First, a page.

In case you need a reminder, Bone Gap is about a teenage boy, Finn, who was the only witness to the disappearance of his brother’s girlfriend, Roza. While the people of Bone Gap stop looking for her because they think she fled, Finn believes she was kidnapped and he must find her, but he can’t recall what her abductor looks like. (Roza’s narrative reveals that, in fact, a scary man–who’s both magical and realistic–has taken her.)

Also told in alternate voices, The Walls Around Us is a creepy supernatural novel about Juvie inmate Amber and Violet, a competitive dancer haunted by her best friend Orianna’s imprisonment and death in that same detention center. Amber is a ghost who keeps reliving a prison break, while Violet is tormented by memories of the murders that took place three years earlier, leading to Orianna’s arrest.

Like Bone Gap‘s small midwestern town “full of…gaps to trip you up, gaps to slide through so you can disappear forever,”The Accident Season’s small Irish river town, with an enchanting run-down haunted house (an ideal venue for a Halloween party), is a perfect setting for a horror story. Seventeen-year-old Cara’s family is cursed. Every October (the accident season), Cara, her mother, her sister Alice, and her step-brother Sam find that no matter how many precautions they take, “[b]ones break, skin tears, bruises bloom,” and sometimes family members (her father and uncle!) die.

Bone Gap and The Accident Season do not have similar plots, but both books’ characters grapple with confusing romance, dark memories and secrets, violence, and uncertainty about what is real versus imagined. And, like The Walls Around UsThe Accident Season is a ghost story. Haunted by a missing classmate only she remembers (who keeps showing up in her family photos), Cara realizes the accident season is much more than a family curse.

These novels aren’t classic-horror scary, but their lyrical prose and original, creepy narratives will haunt you for a long time to come.

Alyssa Raymond is a regular contributor at Coven Book Club and its YA sister site Spellbinding Books. She thanks Edelweiss, the publisher, and the Boulder Book Store for providing her with digital review copies of these titles for review purposes, and her opinions are her own. Please follow Spellbinding Books onTwitter and Tumblr.


YA Recommendations Roundup: Winter/Spring 2015

2015 has been an amazing year for YA! Since we’re halfway through the year, I thought it would be a great time to post a roundup of what I’ve recommended so far at Coven Book Club (plus a few extras):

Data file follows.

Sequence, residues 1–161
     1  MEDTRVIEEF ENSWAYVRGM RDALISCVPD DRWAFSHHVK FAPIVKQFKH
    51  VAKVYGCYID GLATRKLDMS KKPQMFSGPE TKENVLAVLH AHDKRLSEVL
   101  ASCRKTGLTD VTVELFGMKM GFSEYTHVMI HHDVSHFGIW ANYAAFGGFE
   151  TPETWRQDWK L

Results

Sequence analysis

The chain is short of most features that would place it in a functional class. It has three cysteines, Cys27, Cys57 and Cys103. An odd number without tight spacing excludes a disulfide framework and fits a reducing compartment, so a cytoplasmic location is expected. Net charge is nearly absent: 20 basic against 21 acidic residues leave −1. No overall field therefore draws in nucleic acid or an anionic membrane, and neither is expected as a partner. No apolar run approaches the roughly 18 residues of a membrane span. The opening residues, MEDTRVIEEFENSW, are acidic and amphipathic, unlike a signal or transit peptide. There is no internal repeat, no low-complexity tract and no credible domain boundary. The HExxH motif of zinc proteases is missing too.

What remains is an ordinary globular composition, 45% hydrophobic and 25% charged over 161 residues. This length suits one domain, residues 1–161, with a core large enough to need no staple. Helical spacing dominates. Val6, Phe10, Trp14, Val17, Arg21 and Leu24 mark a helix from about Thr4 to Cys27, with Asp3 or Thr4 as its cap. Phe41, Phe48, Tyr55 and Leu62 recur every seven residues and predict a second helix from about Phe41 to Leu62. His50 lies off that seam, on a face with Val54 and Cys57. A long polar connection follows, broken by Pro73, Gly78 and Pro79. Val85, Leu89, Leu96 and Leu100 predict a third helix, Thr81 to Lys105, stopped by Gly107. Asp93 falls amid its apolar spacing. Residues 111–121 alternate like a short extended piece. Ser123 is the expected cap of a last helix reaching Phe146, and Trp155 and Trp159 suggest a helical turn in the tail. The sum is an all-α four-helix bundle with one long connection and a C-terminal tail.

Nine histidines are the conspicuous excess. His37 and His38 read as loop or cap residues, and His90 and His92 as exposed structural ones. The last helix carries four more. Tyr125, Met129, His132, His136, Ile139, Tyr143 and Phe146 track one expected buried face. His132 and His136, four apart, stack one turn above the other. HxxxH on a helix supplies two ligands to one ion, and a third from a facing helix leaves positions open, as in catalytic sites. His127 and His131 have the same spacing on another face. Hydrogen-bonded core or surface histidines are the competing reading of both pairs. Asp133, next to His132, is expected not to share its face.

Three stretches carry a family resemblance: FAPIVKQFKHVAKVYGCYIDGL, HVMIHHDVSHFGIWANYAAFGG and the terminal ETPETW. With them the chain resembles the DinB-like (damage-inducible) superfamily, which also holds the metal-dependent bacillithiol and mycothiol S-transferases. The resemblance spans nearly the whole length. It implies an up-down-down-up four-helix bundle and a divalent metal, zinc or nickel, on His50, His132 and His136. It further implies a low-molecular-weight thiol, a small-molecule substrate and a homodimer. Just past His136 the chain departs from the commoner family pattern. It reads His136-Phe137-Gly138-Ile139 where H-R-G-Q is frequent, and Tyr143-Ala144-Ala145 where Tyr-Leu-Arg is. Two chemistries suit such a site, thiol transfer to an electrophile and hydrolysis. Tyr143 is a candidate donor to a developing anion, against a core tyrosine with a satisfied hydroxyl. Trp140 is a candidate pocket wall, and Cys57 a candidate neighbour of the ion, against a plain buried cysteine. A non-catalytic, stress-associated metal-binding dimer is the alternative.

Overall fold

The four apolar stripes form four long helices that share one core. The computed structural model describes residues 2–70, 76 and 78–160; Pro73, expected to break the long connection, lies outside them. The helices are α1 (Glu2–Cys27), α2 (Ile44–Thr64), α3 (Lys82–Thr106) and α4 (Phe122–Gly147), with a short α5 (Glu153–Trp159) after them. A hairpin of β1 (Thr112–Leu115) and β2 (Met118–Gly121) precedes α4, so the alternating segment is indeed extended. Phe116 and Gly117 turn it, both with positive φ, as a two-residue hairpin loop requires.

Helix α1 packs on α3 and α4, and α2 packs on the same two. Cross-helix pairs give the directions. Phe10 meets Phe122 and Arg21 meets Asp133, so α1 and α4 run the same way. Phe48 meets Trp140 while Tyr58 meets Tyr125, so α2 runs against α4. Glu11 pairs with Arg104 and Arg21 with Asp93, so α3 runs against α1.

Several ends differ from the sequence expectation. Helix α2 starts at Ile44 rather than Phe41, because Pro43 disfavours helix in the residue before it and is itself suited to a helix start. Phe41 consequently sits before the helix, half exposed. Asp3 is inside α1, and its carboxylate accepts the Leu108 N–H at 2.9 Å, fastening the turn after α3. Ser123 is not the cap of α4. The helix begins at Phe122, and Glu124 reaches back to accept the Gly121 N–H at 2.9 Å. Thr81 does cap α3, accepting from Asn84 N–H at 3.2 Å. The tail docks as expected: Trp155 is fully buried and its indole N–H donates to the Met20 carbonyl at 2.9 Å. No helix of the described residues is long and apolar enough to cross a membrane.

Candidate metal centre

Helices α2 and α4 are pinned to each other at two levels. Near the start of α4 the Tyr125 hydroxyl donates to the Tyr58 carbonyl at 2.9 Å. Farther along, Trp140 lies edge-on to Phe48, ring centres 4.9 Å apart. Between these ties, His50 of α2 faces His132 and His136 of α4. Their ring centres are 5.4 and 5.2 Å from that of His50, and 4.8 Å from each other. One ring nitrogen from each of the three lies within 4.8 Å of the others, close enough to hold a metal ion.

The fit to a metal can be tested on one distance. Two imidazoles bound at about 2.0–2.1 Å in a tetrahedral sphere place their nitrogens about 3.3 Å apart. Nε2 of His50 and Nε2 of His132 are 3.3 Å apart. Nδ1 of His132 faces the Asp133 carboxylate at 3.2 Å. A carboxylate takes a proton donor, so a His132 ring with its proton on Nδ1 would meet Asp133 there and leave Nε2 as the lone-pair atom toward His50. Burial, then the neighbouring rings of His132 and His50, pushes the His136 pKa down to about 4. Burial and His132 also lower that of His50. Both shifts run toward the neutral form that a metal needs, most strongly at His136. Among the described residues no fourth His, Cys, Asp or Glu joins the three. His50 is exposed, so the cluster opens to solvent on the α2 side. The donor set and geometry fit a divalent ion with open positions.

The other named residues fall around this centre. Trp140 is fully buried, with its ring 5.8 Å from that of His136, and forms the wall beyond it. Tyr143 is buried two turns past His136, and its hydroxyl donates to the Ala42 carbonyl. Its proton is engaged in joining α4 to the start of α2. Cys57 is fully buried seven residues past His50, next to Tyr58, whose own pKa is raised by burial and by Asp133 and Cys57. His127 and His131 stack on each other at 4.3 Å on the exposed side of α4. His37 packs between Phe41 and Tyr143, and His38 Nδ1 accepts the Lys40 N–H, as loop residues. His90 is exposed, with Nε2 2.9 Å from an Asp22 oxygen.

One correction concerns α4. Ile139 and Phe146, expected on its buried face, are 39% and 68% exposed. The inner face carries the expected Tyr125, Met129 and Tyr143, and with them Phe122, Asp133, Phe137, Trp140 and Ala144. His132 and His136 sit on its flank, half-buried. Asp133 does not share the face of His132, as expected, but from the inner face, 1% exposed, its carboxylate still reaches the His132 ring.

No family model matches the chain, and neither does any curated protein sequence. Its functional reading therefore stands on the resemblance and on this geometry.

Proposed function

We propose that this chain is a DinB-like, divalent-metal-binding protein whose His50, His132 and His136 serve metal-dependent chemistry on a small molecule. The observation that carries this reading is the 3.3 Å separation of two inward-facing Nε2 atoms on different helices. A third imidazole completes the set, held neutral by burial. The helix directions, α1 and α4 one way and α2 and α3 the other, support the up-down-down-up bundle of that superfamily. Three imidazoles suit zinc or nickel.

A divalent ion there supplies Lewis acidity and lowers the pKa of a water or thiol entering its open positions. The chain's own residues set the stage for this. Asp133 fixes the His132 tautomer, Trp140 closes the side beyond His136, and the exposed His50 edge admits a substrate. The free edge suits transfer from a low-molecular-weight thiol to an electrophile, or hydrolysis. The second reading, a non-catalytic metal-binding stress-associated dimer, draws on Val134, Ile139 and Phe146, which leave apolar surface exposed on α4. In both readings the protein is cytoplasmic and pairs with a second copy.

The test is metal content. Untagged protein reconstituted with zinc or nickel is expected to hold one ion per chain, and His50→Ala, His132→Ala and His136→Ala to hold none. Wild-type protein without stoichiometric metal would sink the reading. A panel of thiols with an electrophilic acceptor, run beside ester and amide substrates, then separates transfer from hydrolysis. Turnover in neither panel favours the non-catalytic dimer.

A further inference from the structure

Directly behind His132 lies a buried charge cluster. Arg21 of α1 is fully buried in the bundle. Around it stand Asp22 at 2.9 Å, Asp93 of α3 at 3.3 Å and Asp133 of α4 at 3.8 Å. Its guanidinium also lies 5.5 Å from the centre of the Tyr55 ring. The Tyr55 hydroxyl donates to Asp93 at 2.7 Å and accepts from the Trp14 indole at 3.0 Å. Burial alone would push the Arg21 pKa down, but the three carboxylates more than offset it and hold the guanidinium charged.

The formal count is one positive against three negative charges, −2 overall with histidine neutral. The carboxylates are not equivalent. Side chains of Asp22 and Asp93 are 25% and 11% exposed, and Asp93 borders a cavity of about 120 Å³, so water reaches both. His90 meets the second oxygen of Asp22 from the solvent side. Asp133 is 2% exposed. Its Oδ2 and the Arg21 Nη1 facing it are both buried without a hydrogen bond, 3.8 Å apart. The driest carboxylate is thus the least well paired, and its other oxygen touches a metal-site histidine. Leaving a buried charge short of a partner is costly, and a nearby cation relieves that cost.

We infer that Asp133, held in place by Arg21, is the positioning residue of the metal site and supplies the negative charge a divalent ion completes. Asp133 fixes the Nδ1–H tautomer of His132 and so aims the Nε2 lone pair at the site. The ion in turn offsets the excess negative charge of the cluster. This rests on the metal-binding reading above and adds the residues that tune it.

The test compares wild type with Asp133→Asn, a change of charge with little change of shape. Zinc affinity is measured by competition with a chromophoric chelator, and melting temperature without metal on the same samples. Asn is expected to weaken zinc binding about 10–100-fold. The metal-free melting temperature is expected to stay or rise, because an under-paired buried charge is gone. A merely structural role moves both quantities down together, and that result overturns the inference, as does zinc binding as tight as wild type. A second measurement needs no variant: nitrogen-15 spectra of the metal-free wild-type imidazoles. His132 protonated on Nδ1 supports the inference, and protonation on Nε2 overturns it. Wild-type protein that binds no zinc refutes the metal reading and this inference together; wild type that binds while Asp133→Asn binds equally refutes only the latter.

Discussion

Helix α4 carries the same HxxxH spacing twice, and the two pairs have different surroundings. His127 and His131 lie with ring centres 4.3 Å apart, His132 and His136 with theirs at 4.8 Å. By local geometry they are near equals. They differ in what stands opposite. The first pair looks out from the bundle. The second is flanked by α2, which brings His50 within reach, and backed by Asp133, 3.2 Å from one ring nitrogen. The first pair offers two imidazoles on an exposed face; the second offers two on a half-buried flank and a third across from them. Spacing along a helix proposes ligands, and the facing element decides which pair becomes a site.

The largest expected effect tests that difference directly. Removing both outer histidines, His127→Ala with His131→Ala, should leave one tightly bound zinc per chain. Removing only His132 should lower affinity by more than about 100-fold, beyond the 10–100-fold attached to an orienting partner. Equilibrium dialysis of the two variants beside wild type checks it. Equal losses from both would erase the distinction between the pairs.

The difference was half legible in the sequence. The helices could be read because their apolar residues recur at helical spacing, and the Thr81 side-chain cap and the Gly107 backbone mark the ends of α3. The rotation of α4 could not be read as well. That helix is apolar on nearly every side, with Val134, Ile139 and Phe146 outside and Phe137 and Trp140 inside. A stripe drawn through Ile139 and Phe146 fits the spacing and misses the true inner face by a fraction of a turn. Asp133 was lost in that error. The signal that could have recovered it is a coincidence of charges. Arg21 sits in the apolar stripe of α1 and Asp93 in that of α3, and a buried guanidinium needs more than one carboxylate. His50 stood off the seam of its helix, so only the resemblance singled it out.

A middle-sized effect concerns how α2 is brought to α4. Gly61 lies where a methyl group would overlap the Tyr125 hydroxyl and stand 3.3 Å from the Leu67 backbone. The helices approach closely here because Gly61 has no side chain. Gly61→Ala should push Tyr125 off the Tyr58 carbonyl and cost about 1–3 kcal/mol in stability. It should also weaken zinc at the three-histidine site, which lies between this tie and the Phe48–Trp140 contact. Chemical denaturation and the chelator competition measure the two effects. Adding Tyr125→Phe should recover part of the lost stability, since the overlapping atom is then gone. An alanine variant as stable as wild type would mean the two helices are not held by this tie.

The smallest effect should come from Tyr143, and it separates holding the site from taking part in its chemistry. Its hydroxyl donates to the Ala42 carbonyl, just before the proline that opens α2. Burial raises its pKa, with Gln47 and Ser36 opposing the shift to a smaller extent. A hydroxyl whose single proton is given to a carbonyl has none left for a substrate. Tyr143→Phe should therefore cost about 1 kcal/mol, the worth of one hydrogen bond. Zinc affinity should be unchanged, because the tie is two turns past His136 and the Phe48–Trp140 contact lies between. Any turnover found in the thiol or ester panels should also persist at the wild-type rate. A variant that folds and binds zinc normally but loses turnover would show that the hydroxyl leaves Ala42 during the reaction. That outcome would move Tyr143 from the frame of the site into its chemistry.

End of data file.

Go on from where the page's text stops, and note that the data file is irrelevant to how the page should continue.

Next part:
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18081228-1Victoria Aveyard’s Red Queen: Seventeen-year-old Mare is a “Red” living in Norta: a kingdom divided by red blood and silver blood. The Silvers (and the royal family in particular), with their supernatural powers and wealth, rule over the Reds. (Recommended with The Sin Eater’s Daughter here.)

Melinda Salisbury’s The Sin Eater’s Daughter: Seventeen-year-old Twylla’s life seems ideal and reads like a myth or fairy tale. As a goddess embodied, she has superhuman powers, lives in a castle and is engaged to a handsome prince. But she is at the mercy of a tyrannical queen who has made her the royal executioner.

Sarah J. Maas’s A Court of Thorns and Roses: Inspired by Beauty and the Beast mixed with faery lore, this series features another strong heroine: nineteen-year-old huntress Feyre. After she kills a wolf in the woods, a beastly creature demands retribution by taking her to a faraway magical land inhabited by the Fae. (Read my discussion with Allison and Nicola here.)

Jodi Meadow’s The Orphan Queen: In this engrossing YA fantasy, a tough princess, Wil, wants desperately to take back her conquered kingdom. Nearly ten years ago, the Indigo army attacked her homeland Aecor and killed every noble adult, putting their children in an orphanage (from which Wil and her orphan “family,” called Ospreys, escaped). The Ospreys are stealthy thieves who have been plotting for years to infiltrate the Indigo Kingdom. To spy on the Indigo Court, Wil and her best friend, Melanie, impersonate refugee nobles who have fled a fallen kingdom for the safety of Skyvale Palace. Not only must Wil hide her true identity from Crown Prince Tobiah (whom she fears might recognize her from ten years ago), but she must keep her magical abilities secret. Magic is banned from the Indigo Kingdom to prevent the toxic by-product of magic (called wraith) from spreading. Wil must also avoid another confrontation with Black Knife, a vigilante who is really good at catching magic-users (besides herself). Full of risky adventure, magic, and romance, The Orphan Queen is a great choice for fans of Graceling and Throne of Glass.

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Renee Ahdieh’s The Wrath and the Dawn: This is the first book in a trilogy that reimagines A Thousand and One Nights, with a “Beauty and the Beast” twist. Every evening Khalid, the ruler of Khorasan, takes a new bride whom he executes at dawn. After Shahrzad’s best friend becomes one of his victims, she volunteers to marry Khalid. She intends to stay alive long enough to kill him (by cleverly telling him stories), but then…she falls for him. (Read my recommendations here and here.)